IWSG February 2021


I am going to deviate from this month’s subject questions and drift off on my own tangent. A bit on the whiny side, so you can skip it if you like. This month’s IWSG prompt is a lot more positive than what’s below.

My writing trends up and down with stress. Unfortunately, it isn’t consistent. I banged out a whole rough draft for a romance novel while a close family member and I were  dealing with a medical crisis, but I never wrote at all while I was a Den Leader for my son’s Cub Scouts for a year and a half.

I complain that I’ve no private space in which to lock the world away so I can write, but I feel like I’m a lousy parent when I do. Aren’t there 8 million other, more responsible and immediate things I should be taking care of rite now instead of deeply pondering how, exactly I can hurt a character and still keep an audience?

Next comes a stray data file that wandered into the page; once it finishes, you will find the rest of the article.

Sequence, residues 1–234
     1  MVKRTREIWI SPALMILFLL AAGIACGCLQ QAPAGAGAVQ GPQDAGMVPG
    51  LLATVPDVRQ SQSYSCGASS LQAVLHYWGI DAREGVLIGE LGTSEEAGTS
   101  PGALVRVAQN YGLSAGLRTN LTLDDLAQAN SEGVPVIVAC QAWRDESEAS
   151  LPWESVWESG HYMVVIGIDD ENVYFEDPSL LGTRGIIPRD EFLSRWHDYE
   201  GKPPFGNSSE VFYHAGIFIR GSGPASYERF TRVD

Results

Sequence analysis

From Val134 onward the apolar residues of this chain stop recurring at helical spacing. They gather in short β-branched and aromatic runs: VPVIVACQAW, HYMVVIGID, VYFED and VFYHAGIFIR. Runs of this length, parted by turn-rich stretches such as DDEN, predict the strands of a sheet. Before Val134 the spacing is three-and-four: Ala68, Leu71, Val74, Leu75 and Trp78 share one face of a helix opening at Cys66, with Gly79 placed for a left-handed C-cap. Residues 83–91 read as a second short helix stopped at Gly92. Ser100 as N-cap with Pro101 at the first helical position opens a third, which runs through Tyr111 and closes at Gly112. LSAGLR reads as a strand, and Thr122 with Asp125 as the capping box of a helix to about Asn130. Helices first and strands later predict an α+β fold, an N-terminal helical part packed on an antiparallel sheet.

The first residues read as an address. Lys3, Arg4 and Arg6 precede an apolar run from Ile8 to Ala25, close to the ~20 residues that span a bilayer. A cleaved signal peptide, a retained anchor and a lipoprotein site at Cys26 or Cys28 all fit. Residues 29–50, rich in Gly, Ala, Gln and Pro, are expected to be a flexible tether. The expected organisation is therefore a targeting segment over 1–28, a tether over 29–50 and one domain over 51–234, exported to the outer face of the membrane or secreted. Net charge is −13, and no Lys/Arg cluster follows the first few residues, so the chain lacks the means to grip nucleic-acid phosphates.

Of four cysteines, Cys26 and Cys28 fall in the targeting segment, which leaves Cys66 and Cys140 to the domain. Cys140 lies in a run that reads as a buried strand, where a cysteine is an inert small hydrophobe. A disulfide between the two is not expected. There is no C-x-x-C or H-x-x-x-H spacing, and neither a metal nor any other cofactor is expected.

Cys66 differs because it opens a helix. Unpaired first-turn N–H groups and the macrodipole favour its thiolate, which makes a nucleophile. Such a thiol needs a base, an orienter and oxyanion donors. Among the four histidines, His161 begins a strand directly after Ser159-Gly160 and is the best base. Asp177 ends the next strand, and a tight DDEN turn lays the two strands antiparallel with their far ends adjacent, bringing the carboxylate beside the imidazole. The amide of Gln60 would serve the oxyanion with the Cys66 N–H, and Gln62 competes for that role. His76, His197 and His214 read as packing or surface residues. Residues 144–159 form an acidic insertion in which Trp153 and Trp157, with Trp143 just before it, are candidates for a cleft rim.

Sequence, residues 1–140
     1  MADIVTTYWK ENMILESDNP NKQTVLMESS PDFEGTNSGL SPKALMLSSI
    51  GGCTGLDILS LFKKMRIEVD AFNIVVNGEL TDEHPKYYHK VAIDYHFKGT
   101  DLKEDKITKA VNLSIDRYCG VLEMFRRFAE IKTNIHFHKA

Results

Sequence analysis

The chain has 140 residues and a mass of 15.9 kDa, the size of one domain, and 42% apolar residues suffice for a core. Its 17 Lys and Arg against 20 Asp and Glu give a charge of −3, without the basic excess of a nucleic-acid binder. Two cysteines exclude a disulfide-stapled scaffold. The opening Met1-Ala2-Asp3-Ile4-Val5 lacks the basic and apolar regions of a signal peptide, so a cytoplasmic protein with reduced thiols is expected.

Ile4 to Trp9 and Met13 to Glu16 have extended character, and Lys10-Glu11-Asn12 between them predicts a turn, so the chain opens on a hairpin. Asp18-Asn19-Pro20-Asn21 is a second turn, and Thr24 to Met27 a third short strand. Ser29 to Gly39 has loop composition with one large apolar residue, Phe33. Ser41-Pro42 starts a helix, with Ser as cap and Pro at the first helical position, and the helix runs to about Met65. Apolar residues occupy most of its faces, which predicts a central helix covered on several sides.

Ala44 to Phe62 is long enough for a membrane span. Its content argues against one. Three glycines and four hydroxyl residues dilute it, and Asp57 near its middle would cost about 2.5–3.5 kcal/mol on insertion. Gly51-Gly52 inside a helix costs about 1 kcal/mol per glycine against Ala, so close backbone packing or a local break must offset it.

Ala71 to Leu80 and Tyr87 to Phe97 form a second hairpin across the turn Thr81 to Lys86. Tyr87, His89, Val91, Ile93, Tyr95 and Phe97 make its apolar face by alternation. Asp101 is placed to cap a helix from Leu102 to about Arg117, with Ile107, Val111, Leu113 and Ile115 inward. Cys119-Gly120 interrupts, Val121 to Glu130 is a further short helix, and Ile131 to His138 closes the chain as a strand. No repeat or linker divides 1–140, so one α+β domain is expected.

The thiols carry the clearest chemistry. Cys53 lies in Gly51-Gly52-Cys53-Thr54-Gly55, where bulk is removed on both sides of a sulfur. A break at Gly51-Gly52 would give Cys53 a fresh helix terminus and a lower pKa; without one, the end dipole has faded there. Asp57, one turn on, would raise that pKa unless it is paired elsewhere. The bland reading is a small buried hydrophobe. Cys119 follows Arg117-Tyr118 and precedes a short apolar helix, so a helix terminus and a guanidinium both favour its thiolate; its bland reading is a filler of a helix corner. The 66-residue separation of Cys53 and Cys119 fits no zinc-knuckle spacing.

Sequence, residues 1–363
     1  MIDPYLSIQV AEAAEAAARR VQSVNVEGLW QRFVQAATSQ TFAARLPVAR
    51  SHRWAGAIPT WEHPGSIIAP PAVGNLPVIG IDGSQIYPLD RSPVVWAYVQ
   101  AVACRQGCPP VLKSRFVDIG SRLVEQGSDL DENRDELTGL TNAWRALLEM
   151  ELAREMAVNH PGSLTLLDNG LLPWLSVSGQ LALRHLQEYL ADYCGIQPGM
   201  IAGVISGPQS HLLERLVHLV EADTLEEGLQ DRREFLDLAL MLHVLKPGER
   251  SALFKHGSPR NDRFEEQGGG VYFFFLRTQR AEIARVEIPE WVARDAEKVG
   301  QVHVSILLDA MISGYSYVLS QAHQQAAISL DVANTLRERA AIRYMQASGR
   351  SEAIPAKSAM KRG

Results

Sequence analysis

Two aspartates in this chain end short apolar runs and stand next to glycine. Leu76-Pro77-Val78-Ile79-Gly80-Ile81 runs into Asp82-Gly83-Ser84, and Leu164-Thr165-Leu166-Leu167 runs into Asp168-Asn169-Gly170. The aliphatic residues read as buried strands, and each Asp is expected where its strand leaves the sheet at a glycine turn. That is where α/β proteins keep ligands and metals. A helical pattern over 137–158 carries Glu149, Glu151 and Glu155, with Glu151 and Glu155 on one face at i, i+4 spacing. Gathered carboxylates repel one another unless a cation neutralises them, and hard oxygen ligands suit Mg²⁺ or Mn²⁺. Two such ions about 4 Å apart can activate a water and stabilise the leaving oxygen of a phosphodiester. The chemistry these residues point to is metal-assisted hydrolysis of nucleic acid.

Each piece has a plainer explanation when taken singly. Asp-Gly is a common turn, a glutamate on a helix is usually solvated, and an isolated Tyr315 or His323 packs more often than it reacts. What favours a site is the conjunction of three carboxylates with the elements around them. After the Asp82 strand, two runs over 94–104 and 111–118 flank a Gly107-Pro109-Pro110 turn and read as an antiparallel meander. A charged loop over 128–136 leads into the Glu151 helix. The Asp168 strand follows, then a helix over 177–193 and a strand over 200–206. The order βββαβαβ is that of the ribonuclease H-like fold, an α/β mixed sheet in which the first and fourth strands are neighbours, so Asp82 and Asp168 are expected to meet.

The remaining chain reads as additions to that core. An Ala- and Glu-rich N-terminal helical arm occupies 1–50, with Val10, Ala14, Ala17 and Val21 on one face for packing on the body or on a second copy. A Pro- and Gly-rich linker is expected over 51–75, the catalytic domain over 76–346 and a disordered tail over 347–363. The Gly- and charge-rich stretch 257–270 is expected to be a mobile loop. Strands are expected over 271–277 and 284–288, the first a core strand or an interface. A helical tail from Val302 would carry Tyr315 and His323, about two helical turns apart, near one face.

Writing is a wonderful release, and it’s getting ever harder for me to do.

Despite my efforts, I have been in increasing pain for years. Supplements, exercises, diet plans, physical therapy, mentally challenging apps, meditation, yoga, cannaboids, journaling, coloring, acupuncture, massage standing desks, exercise balls, the list goes on.

My mental state has gone from “mildly off” to “quite noticeable” My mental focus has been fraying for years, my memory is not what it was even 5 years ago, and learning something new is a painfully long and awkward process, now.

They say that if you’re worried your mental state is decaying into dementia, then you don’t have dementia, because those with it don’t realize it’s happening. But there are times I feel like Robin Williams–He had undiagnosed Lewy Body Dementia, and was aware of his declining mental state, often saying “I just want to reboot my brain.”

“Oh, it’s just the COVID-stress. You’ll feel better when everything gets back to normal.”

Except I’ve got journal entries dating back to 2012 in which I talk about feeling a decline in my mental state, well before COVID.